It didn't have to be that way. The Mutants was directed by Christopher Barry, and the incidental music was composed by Tristram Cary. This team worked an another Doctor Who story also once known as The Mutants -- The Daleks -- in 1963, and that was the story which put DW on the map. This time, though, their work is less successful. Barry's direction takes a wrong turn as the story stops short for literally minutes at a time, with location footage and CSO blue-screen sequences that do nothing but put the audience the sleep. The music, so eerily discordant in The Daleks, here does little more than annoy.

The story's heart is in the right place, as comedy writers Bob Baker and Dave Martin play it straight. Their story is set in the 30th century, in the decline of Earth's empire. Solos, a struggling colony, has made no advances in 500 years, and its population is still segregated, banned from Skybase but for the use of separate transfer portals. Jon Pertwee's Doctor was always at his best when indignant, and here he has a pretty hammy villain to point his finger and lecture at.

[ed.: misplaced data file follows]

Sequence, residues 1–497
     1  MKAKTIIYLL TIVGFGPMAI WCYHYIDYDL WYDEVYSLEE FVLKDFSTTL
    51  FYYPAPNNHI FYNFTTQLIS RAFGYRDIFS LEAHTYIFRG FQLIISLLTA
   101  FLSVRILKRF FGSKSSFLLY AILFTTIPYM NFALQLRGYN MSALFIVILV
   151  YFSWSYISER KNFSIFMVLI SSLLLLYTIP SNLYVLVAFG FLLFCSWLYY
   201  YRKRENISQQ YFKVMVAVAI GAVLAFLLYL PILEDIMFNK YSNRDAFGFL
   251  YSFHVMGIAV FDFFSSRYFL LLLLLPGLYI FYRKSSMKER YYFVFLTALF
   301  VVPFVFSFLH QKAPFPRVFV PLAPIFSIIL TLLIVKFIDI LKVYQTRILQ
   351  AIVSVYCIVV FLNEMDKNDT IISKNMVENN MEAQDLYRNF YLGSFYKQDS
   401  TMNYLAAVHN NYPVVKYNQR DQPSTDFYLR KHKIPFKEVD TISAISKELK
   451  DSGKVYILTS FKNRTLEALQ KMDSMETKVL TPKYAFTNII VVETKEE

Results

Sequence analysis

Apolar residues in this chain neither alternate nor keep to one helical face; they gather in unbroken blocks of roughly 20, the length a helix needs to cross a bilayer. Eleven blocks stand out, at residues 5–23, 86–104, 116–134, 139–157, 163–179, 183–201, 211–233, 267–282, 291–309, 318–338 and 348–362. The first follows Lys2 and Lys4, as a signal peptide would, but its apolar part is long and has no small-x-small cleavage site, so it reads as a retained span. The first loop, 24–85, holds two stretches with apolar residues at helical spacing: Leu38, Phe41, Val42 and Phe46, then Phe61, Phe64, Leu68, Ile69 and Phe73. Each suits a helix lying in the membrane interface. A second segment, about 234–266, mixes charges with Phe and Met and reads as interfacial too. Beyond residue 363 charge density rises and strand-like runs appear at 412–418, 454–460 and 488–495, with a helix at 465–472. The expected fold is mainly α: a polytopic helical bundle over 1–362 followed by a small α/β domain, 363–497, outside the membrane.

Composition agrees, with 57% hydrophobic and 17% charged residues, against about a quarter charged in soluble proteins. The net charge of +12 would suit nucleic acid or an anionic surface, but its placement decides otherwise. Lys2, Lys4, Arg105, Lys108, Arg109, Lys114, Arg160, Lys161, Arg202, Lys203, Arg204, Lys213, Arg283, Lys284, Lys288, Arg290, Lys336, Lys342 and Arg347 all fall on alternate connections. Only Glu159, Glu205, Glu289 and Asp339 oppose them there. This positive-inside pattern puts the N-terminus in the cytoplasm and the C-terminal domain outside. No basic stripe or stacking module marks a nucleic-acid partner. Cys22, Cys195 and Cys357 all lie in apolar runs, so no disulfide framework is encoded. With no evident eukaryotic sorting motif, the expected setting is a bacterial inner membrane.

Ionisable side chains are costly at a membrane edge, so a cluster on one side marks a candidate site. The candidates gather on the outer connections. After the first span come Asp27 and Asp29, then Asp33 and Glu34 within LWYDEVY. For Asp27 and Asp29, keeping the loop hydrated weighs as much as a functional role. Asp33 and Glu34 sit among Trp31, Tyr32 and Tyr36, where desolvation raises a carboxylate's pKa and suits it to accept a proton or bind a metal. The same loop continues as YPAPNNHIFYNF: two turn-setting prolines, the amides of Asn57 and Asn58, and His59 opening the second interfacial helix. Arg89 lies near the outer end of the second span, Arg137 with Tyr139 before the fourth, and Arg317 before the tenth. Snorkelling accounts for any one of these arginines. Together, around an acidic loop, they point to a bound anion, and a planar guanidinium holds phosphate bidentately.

There are no monsters in this story -- no alien monsters, anyway. The Solonian mutants (costume-designed by Doctor Who's Academy Award winner, James Acheson), lurch and screech a lot, but they never kill. They're benign creatures. The villain (fittingly, for such a progressive story) looks eerily like Rush Limbaugh, and, with his plan to gut Solos of its native atmosphere, while strip-mining the planet of its fuel, plays like a caricature of the Bush/Cheney administration. Paul Whitsun-Jones, as the Marshal, is one of Doctor Who's least credible villains, but because of that, he's also one of the most quotable.

The Baker/Martin script is pretty weak (apart from the Doctor's diatribes). In fact, the Marshal is best remembered for something he never really said -- a line of dialogue only present in the novelization by Terrance Dicks. "It was a booby-trap, Jaeger, and you were the booby." Jaeger is the Marshal's mad scientist, a morally ambiguous bad guy woodenly dragged through the story by George Pravda's heavily Czech accent. Speaking of accents, the variable-voiced John Hollis (Professor Sondergaard) plays two accents in the story, none of them his own. And, in a story about segregation, one of the main characters is a black man, significantly named Cotton. Unfortunately, Cotton is played by the worst actor of the lot, and the only noteworthy cliffhanger in The Mutants is brought to life (so to speak) by Rick James' disastrous line reading: "We'll all be done for!"